Plant Care Guides

Perennials |  Bulbs |  Trees and Shrubs |  Vegetables |  Fruits |  Herbs

Perennials
Aster
Bearded Iris
Bee Balm
Bleeding Heart
Dianthus
Coralbells
Coreopsis
Shasta Daisy
Daylily
Delphinium
Coneflower
Astilbe
Foxglove
Geranium
Hosta
Oriental Poppy
Penstemon
Ornamental Grasses
Peony
Phlox
Rudbeckia
Salvia
Sedum
Veronica
Yarrow
Bellflower
Baptisia
Blanket Flower
Catmint
Anemone
Russian Sage
Baby's Breath
Lamb's Ears
Columbine
Dead Nettle

Hosta

 
Hosta is an easy-to-grow, long-lived, shade-loving perennial that is prized for its colorful leaves. Other common names are plantain lily and funkia.

About This Plant

An ideal foliage plant for shady areas, hosta grows well under deciduous trees, in borders, and as a ground cover. Foliage height ranges from 6 inches to 3 feet, with taller flower spikes appearing in early to mid summer. Foliage colors range from chartreuse to deep blue-green, and many varieties have striking variegation. Flower colors include white and lavender; some flowers have a sweet scent. Because hosta is a favored food of slugs, snails, and deer, control measures may be required.

Special Features

Easy care/low maintenance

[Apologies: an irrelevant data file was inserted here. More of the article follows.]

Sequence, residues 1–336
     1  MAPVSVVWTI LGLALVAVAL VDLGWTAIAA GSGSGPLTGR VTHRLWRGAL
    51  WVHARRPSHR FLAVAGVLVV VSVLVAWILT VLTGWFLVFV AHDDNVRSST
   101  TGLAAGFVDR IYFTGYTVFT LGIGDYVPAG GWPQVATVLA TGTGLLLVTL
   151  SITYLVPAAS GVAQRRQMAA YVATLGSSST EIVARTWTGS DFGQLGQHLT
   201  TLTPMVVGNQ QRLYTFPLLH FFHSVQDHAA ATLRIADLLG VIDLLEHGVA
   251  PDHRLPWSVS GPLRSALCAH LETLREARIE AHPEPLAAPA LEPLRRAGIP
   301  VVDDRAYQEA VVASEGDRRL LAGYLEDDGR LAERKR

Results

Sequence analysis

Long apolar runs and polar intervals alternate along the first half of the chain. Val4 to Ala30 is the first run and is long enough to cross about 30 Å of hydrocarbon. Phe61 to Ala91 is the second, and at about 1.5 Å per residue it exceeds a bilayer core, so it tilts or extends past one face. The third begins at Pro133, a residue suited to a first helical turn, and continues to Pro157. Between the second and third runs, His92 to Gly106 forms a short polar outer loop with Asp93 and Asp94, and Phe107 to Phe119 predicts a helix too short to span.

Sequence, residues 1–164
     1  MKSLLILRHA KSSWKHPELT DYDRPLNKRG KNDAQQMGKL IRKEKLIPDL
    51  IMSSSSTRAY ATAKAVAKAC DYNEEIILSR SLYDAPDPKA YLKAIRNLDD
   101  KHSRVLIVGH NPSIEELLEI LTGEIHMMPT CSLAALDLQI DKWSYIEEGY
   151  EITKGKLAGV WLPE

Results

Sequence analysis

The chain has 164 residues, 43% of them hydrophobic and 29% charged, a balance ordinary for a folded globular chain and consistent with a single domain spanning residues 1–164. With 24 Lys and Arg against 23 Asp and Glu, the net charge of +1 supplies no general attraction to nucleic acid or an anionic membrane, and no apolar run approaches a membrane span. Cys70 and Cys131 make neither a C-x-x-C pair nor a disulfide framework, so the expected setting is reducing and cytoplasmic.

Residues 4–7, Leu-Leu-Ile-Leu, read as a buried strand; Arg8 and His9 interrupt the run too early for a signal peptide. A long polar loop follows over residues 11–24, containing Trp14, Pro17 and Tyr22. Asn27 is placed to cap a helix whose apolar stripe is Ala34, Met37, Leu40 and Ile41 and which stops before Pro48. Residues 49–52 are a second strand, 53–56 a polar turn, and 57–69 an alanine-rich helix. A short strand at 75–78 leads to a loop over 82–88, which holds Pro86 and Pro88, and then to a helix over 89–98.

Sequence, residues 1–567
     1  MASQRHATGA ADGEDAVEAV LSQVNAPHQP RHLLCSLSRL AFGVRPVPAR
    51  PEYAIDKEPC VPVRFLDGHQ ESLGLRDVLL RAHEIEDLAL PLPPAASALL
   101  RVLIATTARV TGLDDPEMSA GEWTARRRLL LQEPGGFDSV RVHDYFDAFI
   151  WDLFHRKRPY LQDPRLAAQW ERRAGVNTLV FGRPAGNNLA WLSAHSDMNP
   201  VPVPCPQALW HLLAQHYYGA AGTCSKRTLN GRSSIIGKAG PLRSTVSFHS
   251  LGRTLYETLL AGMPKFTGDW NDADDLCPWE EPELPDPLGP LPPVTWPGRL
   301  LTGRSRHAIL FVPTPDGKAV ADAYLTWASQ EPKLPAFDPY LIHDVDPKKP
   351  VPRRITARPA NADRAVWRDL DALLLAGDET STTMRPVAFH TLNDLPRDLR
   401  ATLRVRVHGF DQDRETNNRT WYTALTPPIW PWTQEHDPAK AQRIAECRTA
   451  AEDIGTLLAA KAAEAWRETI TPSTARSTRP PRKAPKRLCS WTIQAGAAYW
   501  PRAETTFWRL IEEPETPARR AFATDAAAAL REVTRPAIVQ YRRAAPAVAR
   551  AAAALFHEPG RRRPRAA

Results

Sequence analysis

Multiplies readily
Unusual foliage

Site Selection

Select a site with light to full shade and moist, well-drained soil.

Planting Instructions

Plant in spring, spacing plants 1 to 3 feet apart, depending on the variety. Prepare the garden bed by using a garden fork or tiller to loosen the soil to a depth of 12 to 15 inches, then mix in a 2- to 4-inch layer of compost. Dig a hole twice the diameter of the pot the plant is in. Carefully remove the plant from its container and place it in the hole so the top of the root ball is level with the soil surface. Carefully fill in around the root ball and firm the soil gently. Water thoroughly.

Care

Apply a thin layer of compost each spring, followed by a 2-inch layer of mulch to retain moisture and control weeds. Water plants during the summer if rainfall is less than 1 inch per week. After the first killing frost, cut plant back to an inch or two above soil line. Divide plants every 3 to 4 years as new growth begins in the spring, lifting plants and dividing them into clumps.
 
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